Mustard Seed craftspeople understand the special responsibilities inherent in restoration work. We come from diverse backgrounds but we share one common goal: doing the job as well as (or better than) the original builders, and doing it safely.
Founder Scott McBride began restoring vintage houses in New York’s Hudson Valley in the 1970s and 80s. Among his most challenging assignments was a cornice rebuild at the Armor-Stiner octagon house in Irvington, NY. This landmark home – a bizarre confection of Second Empire and Egyptian Revival influences – was the first National Trust property to be handed off to a private owner contingent upon restoration.
Scott transplanted his contracting business to the Virginia piedmont in 1990, whereupon his focus shifted to the remodeling and expansion of country estate homes. Since the spring of 2005 Scott and his team have been spearheading carpentry restoration at President James Madison’s Montpelier in Orange, VA – a $28 million project which has been recognized for setting new standards of excellence in restoration practice.
In tandem with his building career Scott has established a reputation as a technical author. His feature articles on all phases of carpentry work have appeared in national trade journals such as Fine Homebuilding and Traditional Building.
Project manager Bill Bichell “launched” his woodworking career with a boatbuilding apprenticeship on the coast of Maine. In addition to honing his craft over the next decade Bill worked with a variety of schools, museums and other non-profit organizations developing programs for the demonstration and teaching of wooden boat building. His journey came full circle when he returned to Maine as a Master boat builder/instructor at the school where he began.
A move to Virginia prompted a shift into house carpentry when Bill undertook the interior restoration of a ca. 1776 Fredericksburg home. Since joining Mustard Seed in 2005 he has been at the forefront of the Montpelier Restoration. Bill combines the skill and precision of a master boat builder with the creativity and passion of an artist.
Lead Carpenter Ed Gomez got his start as a production stick-framer in southern California, but his creative bent soon led him into specialty work as a Hollywood set-builder. After moving his family to not-so-sunny New Hampshire Ed took a supervisory position with a firm specializing in superinsulated timber frames. Ed’s artist within still beckoned, however, so he spent a two year sabbatical studying cabinetmaking at Boston’s North Bennett Street School. After graduating from the cabinetmaking program Ed returned to carpentry, eventually hooking up with Mustard Seed. As our company inventor, Ed’s specialty is thinking outside the box; if the right tool for the job doesn’t exist, he conjures one up.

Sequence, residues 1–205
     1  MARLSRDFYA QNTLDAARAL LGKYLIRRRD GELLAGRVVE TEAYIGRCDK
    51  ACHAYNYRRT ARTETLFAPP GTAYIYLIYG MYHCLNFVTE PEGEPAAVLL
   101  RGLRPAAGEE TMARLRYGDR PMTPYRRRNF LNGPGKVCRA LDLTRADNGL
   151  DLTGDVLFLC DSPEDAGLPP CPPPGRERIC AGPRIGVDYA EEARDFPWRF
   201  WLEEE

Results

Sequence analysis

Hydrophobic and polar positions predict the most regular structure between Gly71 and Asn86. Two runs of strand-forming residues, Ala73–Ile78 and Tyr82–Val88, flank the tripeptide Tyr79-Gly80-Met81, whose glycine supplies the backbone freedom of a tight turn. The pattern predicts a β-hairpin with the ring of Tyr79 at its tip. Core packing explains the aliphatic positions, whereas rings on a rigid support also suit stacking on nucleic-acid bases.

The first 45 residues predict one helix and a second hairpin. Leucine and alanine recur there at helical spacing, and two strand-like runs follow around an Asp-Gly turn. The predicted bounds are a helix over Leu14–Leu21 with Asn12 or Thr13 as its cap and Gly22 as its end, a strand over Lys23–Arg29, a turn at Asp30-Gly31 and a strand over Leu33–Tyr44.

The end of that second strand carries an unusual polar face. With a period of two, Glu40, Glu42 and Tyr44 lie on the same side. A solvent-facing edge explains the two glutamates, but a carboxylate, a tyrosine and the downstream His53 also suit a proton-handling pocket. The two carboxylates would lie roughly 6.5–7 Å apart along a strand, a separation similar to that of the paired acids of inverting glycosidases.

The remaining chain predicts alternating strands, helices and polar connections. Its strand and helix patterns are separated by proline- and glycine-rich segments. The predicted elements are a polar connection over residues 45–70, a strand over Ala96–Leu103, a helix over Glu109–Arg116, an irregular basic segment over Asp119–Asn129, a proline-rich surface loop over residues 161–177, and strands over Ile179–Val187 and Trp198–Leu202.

Cabinetmaker Gene Lyman left the suburbs as a young man and moved to Rappahannock County, Virginia when it was still a rural backwater. There he began a lifelong study of eighteenth century homes and furniture. The woodworking shop he founded in 1974, Country Cupboards, has helped dozens of appreciative owners throughout the Virginia piedmont to restore and furnish their vintage homes, making everything from elegant mantelpieces to one-of-a-kind stair spindles. In the public sphere, Gene was commissioned by the National Park Service to reproduce furniture for Turkey Run Farm Park in McLean, VA.
An accomplished horseman as well as a woodworker, Gene can be found among friends at fox-hunts and timber races on the weekends.
Foreman Juan Alvarado is Mustard Seed’s quintessential jack-of-all-trades. Originally trained as an electrician in his native Honduras, Juan became a building maintenance technician after immigrating to New York City in 1998. Since moving with his family to Virginia Juan has concentrated in the carpentry field. The imperturbable Juan maintains an even keel whatever the situation.
Preservation carpenter Nick Oster is another North Bennett grad who recently joined Mustard Seed. Originally from Baltimore, he’s the closest thing we have to a native southerner on the crew. Before coming on board Nick taught woodworking to disadvantaged inner-city kids, and spent a year cyclin’ about in Australia.
Assistants Oscar and David Morales give new meaning to the word “hustle”. As brothers from a family of nine boys, Oscar (the oldest) is geared for power while David (the youngest) is wired for speed. A computer hookup keeps Oscar in touch with his kids in Honduras. We couldn’t “get ’er done” without these two guys.
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